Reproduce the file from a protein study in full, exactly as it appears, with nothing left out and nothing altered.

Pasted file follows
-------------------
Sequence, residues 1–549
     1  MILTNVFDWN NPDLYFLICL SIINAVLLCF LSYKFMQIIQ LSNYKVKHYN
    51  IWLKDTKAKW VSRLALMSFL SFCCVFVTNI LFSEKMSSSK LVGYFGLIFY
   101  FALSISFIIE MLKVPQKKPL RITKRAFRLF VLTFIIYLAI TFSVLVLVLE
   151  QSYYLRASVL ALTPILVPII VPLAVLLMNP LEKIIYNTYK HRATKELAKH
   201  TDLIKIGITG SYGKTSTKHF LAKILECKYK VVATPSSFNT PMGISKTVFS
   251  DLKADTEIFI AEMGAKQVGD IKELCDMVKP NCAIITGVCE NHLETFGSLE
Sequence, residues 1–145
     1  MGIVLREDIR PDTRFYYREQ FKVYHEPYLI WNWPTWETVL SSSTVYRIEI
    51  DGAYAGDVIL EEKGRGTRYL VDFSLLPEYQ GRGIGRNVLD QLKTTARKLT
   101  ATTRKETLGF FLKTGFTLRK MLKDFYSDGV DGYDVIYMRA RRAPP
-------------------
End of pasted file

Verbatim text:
Sequence, residues 1–549
     1  MILTNVFDWN NPDLYFLICL SIINAVLLCF LSYKFMQIIQ LSNYKVKHYN
    51  IWLKDTKAKW VSRLALMSFL SFCCVFVTNI LFSEKMSSSK LVGYFGLIFY
   101  FALSISFIIE MLKVPQKKPL RITKRAFRLF VLTFIIYLAI TFSVLVLVLE
   151  QSYYLRASVL ALTPILVPII VPLAVLLMNP LEKIIYNTYK HRATKELAKH
   201  TDLIKIGITG SYGKTSTKHF LAKILECKYK VVATPSSFNT PMGISKTVFS
   251  DLKADTEIFI AEMGAKQVGD IKELCDMVKP NCAIITGVCE NHLETFGSLE
Sequence, residues 1–145
     1  MGIVLREDIR PDTRFYYREQ FKVYHEPYLI WNWPTWETVL SSSTVYRIEI
    51  DGAYAGDVIL EEKGRGTRYL VDFSLLPEYQ GRGIGRNVLD QLKTTARKLT
   101  ATTRKETLGF FLKTGFTLRK MLKDFYSDGV DGYDVIYMRA RRAPP